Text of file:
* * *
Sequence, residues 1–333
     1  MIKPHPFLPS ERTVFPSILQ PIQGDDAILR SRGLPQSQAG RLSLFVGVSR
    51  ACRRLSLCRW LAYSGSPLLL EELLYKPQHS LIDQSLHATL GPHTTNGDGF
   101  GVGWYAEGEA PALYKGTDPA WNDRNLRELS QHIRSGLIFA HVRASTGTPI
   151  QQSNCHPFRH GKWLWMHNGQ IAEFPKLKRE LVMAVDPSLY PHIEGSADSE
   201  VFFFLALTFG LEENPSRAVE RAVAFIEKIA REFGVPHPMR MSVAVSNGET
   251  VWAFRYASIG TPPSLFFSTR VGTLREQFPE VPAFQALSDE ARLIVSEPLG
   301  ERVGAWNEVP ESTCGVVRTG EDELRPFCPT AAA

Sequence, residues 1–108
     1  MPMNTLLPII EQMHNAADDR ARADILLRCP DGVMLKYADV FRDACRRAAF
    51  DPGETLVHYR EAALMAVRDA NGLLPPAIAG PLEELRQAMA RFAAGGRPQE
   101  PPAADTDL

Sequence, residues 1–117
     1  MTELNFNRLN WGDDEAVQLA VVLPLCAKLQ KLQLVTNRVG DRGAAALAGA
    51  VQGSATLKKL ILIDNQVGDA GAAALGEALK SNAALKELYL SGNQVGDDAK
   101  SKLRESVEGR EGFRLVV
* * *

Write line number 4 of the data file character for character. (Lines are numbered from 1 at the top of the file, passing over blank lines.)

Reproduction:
   101  GVGWYAEGEA PALYKGTDPA WNDRNLRELS QHIRSGLIFA HVRASTGTPI